Even as there was no official Chinese announcement on the matter, Chinese military observers stated that the deployment of six Y-20 heavy transport aircraft could signal an unprecedented overseas mission.

It’s a first for a foreign mission to include six Y-20s, and it’s also unusual to see so many Y-20s deployed at the same time, said Fu Qianshao, a Chinese military aviation expert, told the Global Times.

According to Fu, the operation demonstrates a considerable advance in the PLA Air Force’s long-range strategic transport capabilities, as well as the heavy transport aircraft’s intercontinental logistics support and maintenance capabilities.

Why Did Y-20s Undertake The Flight To Europe?

The Y-20 has previously been used by China on missions to Europe. The PLA, for example, used a Y-20 to transport 105 PLA honor guard personnel to Moscow in June 2020 for the Russian Victory Day celebration.

However, to reach Serbia from China, the Y-20s would have to fly through multiple nations which would mean that China must have had extensive coordination and communication with the governments of the countries that it would have to pass through, a Chinese analyst speculated.

But the Chinese experts could not ascertain why the aircraft undertook a flight to Serbia at a time when a war is raging between Russia and Ukraine.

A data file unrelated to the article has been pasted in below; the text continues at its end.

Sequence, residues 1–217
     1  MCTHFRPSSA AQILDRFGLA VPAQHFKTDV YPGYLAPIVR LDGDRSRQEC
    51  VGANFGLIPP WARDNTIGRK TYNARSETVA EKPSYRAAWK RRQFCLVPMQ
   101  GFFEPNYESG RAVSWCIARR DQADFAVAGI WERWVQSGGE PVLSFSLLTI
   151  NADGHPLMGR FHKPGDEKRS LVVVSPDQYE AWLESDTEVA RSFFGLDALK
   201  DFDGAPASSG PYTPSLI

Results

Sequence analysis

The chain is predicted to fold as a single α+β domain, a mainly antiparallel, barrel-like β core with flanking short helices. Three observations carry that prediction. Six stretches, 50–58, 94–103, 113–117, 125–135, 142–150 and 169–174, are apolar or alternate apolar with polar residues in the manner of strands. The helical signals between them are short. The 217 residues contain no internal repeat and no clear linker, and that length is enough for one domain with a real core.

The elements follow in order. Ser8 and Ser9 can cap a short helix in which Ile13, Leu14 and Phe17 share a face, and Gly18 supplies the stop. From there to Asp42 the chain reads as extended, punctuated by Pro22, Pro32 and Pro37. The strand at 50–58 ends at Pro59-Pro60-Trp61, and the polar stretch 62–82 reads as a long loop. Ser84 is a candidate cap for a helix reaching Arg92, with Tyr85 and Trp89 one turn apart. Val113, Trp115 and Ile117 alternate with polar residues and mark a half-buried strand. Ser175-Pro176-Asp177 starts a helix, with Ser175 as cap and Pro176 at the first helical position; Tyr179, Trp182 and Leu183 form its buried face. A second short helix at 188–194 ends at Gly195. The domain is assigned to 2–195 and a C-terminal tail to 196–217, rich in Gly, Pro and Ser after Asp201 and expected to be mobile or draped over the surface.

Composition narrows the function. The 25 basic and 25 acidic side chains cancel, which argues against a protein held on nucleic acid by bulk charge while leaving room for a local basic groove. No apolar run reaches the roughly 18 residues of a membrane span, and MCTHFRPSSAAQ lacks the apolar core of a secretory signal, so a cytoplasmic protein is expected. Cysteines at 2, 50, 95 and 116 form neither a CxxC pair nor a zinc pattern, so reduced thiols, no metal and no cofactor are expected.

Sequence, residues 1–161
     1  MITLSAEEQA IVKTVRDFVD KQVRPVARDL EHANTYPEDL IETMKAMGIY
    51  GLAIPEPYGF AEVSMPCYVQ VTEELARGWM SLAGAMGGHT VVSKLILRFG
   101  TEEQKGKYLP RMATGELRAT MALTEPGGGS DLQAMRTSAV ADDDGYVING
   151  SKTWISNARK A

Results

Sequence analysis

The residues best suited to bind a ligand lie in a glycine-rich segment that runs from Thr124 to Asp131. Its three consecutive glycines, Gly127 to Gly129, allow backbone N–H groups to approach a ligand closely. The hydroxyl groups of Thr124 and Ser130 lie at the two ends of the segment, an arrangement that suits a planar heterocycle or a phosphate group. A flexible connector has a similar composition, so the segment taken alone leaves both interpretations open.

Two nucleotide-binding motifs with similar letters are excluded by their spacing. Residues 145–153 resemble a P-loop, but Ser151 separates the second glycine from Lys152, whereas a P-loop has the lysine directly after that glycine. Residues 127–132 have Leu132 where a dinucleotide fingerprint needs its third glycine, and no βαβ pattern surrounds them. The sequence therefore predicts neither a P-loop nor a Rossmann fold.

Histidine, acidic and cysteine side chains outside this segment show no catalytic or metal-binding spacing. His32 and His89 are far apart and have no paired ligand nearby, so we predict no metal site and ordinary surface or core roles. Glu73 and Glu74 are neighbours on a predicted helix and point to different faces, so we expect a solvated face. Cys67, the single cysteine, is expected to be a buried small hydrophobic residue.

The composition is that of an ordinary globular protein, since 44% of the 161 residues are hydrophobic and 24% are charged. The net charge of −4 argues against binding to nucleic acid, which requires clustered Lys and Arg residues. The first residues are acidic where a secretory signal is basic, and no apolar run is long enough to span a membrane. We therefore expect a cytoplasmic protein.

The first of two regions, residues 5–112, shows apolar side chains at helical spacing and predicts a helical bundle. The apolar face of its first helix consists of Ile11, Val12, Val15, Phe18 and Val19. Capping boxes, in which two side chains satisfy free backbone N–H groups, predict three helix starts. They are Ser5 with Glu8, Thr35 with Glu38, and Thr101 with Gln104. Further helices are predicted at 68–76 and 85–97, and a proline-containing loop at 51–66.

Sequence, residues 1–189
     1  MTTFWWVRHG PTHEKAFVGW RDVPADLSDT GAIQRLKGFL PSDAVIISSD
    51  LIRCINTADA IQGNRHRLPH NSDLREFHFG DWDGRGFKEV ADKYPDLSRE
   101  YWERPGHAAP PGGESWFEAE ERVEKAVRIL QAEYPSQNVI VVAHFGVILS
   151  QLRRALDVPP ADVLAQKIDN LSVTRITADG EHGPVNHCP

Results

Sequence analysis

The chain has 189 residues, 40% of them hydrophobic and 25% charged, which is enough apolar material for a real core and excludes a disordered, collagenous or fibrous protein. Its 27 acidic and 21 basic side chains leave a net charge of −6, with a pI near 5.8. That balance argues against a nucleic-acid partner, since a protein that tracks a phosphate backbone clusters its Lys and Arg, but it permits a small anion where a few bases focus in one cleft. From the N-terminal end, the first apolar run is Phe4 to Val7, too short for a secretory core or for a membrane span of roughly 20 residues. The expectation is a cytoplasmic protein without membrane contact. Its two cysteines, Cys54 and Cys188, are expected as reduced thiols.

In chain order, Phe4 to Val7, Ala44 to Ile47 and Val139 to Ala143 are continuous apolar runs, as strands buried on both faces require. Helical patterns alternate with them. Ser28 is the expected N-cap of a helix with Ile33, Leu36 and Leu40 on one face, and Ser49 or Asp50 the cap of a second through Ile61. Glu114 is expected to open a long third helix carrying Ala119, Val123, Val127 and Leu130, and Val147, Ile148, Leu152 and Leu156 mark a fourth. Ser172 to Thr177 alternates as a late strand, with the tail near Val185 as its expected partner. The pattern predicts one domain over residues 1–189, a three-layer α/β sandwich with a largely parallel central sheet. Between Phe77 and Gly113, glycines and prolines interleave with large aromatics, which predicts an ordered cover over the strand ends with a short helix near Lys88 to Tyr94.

It is pertinent to mention that Serbia is a close Russian ally that has condemned the war but has stopped short of imposing sanctions on Russia. Serbia also enjoys a close relationship with China.

Later, reports indicated that the Chinese cargo aircraft that caused ripples were dispatched to the Balkan state for delivering a sophisticated Chinese anti-aircraft system to Belgrade. However, China has maintained that only “regular military supplies” were delivered to Serbia.

File Image: China’s nuclear-powered Type 094A Jin-class ballistic missile submarine.

The Washington Post described it as a “semi-secret operation” that raised concerns in the west regarding an arms buildup in Serbia at the time of a war that could potentially threaten the peace in the Balkan region that remains fragile.